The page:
dc.publisherThe University of Arizona.en_US
dc.rightsCopyright © is held by the author. Digital access to this material is made possible by the University Libraries, University of Arizona. Further transmission, reproduction or presentation (such as public display or performance) of protected items is prohibited except with permission of the author.en_US
dc.description.abstractThis study examines decision making concerning tool use and rawmaterial choice through the analysis of bone technology from five sites from the MiddleMissouri subarea of the Northern Plains of North America. The research methods employed include high power optical microwear analysis, experimental replication,and the study of modern bone tool use. At the time of contact with Europeans andEuroamericans, the Mandan, Hidatsa, and Arikara lived in semi sedentary villages along the Missouri River where they practiced a mixed economy centered on both agriculture and bison hunting. The villagers were central in indigenous trade networks and later in the international fur trade, as European and Euroamericans traders and explorers sought to insert themselves into the existing networks. Occasional trade goods are found as early as the seventeenth century, increasing through time as more Europeans and Euroamericans entered the area, indicating that the villagers supplied the newcomers with food, horses, and furs in exchange for those goods. They also were impacted by European diseases, increasing violence, and by accompanying changes in many aspects of their society.Post contact technological change is often modeled as a relatively simple unilinear process in which metal tools quickly replaced older technologies. Analysis of modified bone and antler from historic sites indicates the processes were more complicated. Some tool types were quickly replaced, while others persisted, and there was also variation within tool types. Rather than immediately rendering bone technology obsolete, as has been suggested, there was an initial period of experimentation as people used the new metal cutting and chopping tools to modify the older bone technology. Some tools were made by simply shaping the bone with metal rather than stone, but in other cases the new metal tools were used to create bone tools in completely new forms. Both social and functional factors influence tool choices in raw material, form, and use. This study provides a deeper understanding of many processes involved in technological change in the contact period.en_US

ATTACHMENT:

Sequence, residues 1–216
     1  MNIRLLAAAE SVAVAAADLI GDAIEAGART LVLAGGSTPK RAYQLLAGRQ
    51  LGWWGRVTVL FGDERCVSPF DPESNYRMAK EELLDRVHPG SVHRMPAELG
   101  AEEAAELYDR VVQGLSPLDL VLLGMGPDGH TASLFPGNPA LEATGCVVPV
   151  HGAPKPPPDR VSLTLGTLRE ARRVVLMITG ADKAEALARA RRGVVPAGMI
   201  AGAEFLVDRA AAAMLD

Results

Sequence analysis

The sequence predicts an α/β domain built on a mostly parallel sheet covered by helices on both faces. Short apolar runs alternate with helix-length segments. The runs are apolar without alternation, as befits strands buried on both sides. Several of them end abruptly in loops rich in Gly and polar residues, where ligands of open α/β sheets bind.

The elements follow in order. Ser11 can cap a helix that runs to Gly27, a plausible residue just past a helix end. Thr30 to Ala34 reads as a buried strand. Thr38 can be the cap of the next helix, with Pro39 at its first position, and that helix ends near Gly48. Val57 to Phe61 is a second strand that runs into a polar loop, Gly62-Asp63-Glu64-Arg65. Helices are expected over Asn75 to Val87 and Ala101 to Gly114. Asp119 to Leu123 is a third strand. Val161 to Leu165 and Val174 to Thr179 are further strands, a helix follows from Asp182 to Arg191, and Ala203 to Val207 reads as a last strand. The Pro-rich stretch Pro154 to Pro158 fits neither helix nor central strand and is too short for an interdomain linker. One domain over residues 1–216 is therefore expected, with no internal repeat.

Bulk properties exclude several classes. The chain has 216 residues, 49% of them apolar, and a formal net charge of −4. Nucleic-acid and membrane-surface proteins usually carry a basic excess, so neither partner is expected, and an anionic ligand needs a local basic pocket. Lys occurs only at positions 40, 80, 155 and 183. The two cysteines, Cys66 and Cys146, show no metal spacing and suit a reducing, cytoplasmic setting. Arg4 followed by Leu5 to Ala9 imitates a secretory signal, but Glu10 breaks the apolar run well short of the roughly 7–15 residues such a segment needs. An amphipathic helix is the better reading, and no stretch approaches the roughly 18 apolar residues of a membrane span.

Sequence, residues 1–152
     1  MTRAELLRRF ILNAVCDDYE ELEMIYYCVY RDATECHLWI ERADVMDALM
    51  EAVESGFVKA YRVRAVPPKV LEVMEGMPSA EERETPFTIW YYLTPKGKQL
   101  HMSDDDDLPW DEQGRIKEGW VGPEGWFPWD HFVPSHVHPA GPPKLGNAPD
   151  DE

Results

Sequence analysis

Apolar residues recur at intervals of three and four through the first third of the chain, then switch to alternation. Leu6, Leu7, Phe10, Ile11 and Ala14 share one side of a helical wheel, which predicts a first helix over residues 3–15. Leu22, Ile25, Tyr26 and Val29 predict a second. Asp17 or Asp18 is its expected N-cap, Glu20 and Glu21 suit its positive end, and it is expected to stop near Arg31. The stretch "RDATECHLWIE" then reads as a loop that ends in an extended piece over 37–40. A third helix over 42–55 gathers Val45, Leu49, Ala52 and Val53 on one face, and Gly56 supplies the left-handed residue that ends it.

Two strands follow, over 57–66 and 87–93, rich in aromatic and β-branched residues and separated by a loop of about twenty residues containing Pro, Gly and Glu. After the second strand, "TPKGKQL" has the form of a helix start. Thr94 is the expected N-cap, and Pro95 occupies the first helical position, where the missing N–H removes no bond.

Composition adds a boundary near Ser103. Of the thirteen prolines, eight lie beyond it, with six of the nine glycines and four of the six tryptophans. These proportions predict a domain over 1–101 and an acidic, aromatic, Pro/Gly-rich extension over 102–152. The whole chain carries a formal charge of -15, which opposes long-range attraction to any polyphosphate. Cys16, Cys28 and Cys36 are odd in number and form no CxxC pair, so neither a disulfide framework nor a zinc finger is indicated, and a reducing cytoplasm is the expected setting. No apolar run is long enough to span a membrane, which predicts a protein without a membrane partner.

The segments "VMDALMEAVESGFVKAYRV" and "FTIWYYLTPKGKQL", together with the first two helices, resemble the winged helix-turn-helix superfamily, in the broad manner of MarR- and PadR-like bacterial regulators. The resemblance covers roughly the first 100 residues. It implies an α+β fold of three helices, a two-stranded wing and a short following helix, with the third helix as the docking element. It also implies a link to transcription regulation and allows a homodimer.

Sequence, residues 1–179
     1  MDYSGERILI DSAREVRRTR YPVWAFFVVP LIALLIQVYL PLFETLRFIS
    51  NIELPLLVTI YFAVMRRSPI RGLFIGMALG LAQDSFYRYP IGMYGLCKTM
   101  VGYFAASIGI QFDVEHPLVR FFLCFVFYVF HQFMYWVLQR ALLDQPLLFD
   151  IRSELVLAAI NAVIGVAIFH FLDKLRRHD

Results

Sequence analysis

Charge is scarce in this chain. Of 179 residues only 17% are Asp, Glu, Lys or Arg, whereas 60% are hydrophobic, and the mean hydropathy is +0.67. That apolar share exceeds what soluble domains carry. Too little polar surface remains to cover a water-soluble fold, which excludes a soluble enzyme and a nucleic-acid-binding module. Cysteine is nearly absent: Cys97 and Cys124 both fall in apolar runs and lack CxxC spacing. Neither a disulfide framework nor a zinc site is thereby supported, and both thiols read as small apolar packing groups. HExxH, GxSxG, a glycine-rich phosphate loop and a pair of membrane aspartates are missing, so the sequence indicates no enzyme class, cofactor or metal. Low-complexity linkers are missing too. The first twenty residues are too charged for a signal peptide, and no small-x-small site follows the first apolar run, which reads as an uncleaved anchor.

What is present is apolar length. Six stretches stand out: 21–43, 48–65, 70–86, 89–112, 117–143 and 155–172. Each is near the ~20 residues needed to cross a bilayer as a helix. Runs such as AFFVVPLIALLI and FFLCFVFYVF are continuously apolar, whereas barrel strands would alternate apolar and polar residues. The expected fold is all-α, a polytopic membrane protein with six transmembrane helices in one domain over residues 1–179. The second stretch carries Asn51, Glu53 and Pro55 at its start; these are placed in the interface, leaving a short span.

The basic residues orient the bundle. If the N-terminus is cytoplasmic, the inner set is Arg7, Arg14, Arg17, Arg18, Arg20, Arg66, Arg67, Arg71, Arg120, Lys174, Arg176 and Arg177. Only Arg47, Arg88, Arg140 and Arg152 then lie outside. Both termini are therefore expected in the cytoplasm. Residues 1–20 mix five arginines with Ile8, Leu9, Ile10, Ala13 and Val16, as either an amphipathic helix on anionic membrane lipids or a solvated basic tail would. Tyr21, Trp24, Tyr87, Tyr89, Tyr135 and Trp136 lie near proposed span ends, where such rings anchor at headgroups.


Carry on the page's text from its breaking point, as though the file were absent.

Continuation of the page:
dc.typetexten_US
dc.typeElectronic Dissertationen_US
dc.subjectbone toolsen_US
dc.subjectuse wearen_US
dc.subjectMiddle Missourien_US
thesis.degree.namePhDen_US
thesis.degree.leveldoctoralen_US
thesis.degree.disciplineAnthropologyen_US
thesis.degree.disciplineGraduate Collegeen_US
thesis.degree.grantorUniversity of Arizonaen_US
dc.contributor.advisorSchiffer, Michael B.en_US
dc.contributor.chairSchiffer, Michael B.en_US
dc.contributor.committeememberCroissant, Jennifer L.en_US
dc.contributor.committeememberKuhn, Steven L.en_US
dc.contributor.committeememberStiner, Mary C.en_US
dc.contributor.committeememberMajewki, Teresitaen_US
dc.identifier.proquest1817en_US
dc.identifier.oclc659746369en_US